Oliver Goldsmith: A Biography

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G. P. Putnam, 1851 - Authors, English - 382 pages
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Page 249 - ... bowers to lay me down; To husband out life's taper at the close, And keep the flame from wasting by repose; I still had hopes — for pride attends us still — Amidst the swains to show my...
Page 25 - A man severe he was, and stern to view, I knew him well, and every truant knew : Well had the boding tremblers...
Page 78 - And haply, though my harsh touch, faltering still, But mock'd all tune, and marr'd the dancer's skill, Yet would the village praise my wondrous power, And dance, forgetful of the noontide hour. Alike all ages. Dames of ancient days Have led their children through the mirthful maze ; And the gay grandsire, skill'd in gestic lore, Has frisk'd beneath the burden of threescore.
Page 44 - How often have I blest the coming day, When toil remitting lent its turn to play, And all the village train, from labor free, Led up their sports beneath the spreading tree, While many a pastime circled in the shade, The young contending as the old surveyed; And many a gambol frolicked o'er the ground, And sleights of art and feats of strength went round.
Page 23 - His house was known to all the vagrant train ; He chid their wanderings, but relieved their pain.
Page 179 - When lovely woman stoops to folly. And finds, too late, that men betray. What charm can soothe her melancholy, What art can wash her guilt away? The only art her guilt to cover. To hide her shame from every eye, To give repentance to her lover, And wring his bosom, — is to die.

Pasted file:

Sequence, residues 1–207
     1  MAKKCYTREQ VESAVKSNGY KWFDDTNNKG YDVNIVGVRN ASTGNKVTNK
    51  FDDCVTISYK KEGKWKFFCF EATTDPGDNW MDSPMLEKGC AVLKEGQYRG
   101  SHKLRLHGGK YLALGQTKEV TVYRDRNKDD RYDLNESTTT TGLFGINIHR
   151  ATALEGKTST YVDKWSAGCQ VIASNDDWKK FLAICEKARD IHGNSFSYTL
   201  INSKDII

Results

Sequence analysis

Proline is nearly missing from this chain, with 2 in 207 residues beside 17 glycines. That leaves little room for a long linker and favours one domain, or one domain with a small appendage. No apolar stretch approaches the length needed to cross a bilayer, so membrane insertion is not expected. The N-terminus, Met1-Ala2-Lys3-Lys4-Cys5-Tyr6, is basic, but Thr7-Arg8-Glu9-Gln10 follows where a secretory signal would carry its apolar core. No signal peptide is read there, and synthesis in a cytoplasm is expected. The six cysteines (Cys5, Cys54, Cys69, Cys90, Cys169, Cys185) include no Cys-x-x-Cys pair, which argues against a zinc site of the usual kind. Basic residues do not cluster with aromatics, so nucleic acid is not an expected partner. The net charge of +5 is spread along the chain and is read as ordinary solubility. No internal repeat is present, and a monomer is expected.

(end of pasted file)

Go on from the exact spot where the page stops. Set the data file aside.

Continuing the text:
Page 249 - In all my wanderings round this world of care, In all my griefs - and God has given my share I still had hopes my latest hours to crown, Amidst these humble bowers to lay me down; To husband out life's taper at the close, And keep the flame from wasting by repose.
Page 223 - To them his heart, his love, his griefs were given, But all his serious thoughts had rest in heaven. As some tall cliff that lifts its awful form, Swells from the vale, and midway leaves the storm, Though round its breast the rolling clouds are spread, Eternal sunshine settles on its head.
Page 223 - A man he was to all the country dear. And passing rich with forty pounds a year. Remote from towns he ran his godly race, Nor e'er had changed, nor wished to change his place.
Page 368 - Here Reynolds is laid, and to tell you my mind, .He has not left a wiser or better behind : His pencil was striking, resistless, and grand : His manners were gentle, complying, and bland; Still bom to improve us in every part, His pencil our faces, his manners our heart...

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